Parametrization of Crop Models Using UAS Captured Data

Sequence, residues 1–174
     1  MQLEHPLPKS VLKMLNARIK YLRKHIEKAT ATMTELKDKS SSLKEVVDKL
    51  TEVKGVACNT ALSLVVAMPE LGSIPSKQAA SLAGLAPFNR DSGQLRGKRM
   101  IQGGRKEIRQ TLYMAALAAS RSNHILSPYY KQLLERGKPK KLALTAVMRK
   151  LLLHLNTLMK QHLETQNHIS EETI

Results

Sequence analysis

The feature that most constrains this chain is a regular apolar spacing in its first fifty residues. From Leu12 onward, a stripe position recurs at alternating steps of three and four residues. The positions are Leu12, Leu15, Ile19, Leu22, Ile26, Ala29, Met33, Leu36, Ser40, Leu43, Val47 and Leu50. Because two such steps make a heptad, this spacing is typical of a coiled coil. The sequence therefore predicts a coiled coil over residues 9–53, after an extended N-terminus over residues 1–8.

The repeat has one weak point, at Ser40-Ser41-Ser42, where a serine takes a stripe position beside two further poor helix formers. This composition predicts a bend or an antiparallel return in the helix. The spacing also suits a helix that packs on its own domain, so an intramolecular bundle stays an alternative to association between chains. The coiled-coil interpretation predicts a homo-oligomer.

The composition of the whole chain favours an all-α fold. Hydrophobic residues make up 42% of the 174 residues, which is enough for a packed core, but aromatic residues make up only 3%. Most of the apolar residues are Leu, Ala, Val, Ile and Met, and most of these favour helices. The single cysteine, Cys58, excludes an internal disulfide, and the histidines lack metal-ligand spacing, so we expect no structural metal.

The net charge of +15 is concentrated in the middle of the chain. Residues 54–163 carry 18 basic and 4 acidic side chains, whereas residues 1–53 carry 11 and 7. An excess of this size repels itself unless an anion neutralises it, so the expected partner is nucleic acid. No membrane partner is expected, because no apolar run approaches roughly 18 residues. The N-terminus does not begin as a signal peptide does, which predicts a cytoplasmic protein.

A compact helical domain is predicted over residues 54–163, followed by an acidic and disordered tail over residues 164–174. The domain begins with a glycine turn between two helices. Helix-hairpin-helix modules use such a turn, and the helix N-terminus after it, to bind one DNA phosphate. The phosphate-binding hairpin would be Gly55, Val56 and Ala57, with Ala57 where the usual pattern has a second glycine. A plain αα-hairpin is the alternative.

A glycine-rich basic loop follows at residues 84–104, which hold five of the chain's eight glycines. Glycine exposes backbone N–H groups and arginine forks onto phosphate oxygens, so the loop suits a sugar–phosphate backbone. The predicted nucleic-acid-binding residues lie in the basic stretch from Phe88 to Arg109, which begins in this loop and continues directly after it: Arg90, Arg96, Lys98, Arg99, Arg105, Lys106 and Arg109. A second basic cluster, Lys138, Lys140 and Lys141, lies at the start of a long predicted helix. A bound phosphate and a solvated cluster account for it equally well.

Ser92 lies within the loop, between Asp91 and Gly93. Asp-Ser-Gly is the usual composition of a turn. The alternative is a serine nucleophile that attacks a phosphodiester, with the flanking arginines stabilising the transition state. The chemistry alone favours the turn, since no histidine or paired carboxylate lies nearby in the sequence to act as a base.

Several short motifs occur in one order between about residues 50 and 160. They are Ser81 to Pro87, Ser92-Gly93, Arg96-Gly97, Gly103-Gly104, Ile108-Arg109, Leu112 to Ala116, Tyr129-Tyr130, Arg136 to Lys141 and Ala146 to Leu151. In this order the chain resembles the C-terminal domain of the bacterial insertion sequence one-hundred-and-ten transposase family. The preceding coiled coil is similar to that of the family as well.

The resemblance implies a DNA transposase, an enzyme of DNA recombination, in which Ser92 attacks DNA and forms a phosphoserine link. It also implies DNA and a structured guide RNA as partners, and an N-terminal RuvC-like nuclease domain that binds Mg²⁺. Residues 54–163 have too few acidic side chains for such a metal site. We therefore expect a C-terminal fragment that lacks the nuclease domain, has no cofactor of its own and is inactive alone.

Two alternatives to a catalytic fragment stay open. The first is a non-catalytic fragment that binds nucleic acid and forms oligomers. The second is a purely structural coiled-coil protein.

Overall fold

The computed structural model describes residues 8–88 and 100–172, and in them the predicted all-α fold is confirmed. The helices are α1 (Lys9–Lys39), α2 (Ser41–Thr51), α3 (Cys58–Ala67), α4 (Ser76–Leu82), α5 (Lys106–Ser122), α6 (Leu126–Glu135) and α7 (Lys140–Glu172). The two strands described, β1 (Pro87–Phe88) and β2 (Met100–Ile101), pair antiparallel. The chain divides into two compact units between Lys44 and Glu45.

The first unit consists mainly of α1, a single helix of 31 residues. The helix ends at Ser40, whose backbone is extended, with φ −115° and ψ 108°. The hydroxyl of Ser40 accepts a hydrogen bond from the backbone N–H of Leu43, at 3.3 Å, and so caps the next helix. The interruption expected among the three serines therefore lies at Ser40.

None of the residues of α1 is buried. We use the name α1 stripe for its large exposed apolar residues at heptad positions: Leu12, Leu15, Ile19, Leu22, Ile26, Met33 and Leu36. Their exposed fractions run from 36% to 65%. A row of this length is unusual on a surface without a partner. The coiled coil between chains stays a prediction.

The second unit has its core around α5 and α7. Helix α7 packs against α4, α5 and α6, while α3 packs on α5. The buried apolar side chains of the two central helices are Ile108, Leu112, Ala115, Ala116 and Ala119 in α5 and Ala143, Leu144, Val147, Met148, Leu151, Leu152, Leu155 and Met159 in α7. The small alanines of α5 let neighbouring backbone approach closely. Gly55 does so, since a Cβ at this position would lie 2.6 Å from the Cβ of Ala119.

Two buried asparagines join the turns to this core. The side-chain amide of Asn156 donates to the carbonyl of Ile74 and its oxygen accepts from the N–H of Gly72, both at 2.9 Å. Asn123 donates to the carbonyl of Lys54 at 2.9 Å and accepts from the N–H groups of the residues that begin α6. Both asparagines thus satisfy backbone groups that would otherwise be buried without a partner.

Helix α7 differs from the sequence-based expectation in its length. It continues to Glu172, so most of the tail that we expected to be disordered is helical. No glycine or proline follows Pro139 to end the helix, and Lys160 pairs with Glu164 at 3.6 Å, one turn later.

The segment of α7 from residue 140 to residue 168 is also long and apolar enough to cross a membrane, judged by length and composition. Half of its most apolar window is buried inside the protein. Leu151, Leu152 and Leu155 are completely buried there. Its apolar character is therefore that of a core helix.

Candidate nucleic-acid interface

Calibration of crop models is an expensive and time intensive procedure, which is essential to accurately predict the possible crop yields given changing climate conditions. One solution is the utilization of unmanned aircraft systems (UAS) deployed with Red Green Blue Composite (RGB), and multispectral sensors, which has the potential to measure and collect in field biomass and yield in a cost and time effective manner. The objective of this project was to develop a relationship between remotely sensed data and crop indices, similar to biomass, to improve the ability to parametrize crop models for local conditions, which in turn could potentially improve the quantification of the effect of hydrological extremes on predicted yield. An experiment consisting of 750 plots (350 varieties) was planted in 2018, and a subset of 18 plots (9 varieties) were planted in 2019. The in-situ above ground biomass along with multispectral and RGB imagery was collected for both experiments throughout the growing season. The imagery was processed through a custom software pipeline to produce spectrally corrected imagery of individual plots. A model was fit between spectral data and sampled biomass resulting in an R-square of 0.68 and RMSE of 160 g when the model was used to estimate biomass for multiple flight dates flights. The VIC-CropSyst model, a coupled hydrological and agricultural system model, was used to simulate crop biomass and yield for multiple years at the experiment location. Soybean growth was parametrized for the location using CropSyst’s Crop Calibrator tool. Biomass values generated from UAS imagery, along with the in-situ collected biomass values were used separately to parametrize soybean simulations in CropSyst resulting in very similar parameter sets that were distinct from the default parameter values. The parametrized crop files along with the default files were used separately to run the VIC-CropSyst model and results were evaluated by comparing simulated and observed values of yield and biomass values. Both parametrized crop files (using in-situ samples and UAS imagery) produced approximately identical results with a max difference of 0.03 T/Ha for any one year, compared to a base value of 3.6 T/Ha, over a 12-year period in which the simulation was ran. The parametrized runs produced yield estimates that were closer to in-situ measured yield, as compared to unparametrized runs, for both bulk varieties and the run experiments, with the exception of 2011, which was a flooding year. The parametrized simulations consistently produced simulated yield results that were higher than the measured bulk variety yields, whereas the default parameters produced consistently lower yields. Biomass was only assessed for 2019, and the results indicate that the biomass after parametrization is lower than the default, which is attributed to the radiation use efficiency parameter being lower in the parametrized files, 2.5 g/MJ versus 2.25 g/MJ. The improved accuracy of predicting yield is evidence that the UAS based methodology is a suitable substitute for the more labor intensive in-situ sampling of biomass for soybean studies under similar environmental conditions.